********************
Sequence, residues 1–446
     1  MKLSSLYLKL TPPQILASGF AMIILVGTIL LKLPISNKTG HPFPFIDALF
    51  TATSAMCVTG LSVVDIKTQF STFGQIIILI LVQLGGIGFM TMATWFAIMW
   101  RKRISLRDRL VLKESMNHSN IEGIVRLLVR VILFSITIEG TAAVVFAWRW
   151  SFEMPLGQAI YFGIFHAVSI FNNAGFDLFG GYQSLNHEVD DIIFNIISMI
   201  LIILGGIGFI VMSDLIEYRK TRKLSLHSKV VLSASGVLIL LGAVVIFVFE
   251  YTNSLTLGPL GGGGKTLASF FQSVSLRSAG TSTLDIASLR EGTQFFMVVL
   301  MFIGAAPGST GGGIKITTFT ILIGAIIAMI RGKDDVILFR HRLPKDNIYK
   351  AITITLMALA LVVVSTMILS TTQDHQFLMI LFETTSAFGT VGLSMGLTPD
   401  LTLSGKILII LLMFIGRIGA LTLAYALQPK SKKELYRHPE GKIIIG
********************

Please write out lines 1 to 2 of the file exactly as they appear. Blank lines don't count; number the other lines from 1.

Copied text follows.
Sequence, residues 1–446
     1  MKLSSLYLKL TPPQILASGF AMIILVGTIL LKLPISNKTG HPFPFIDALF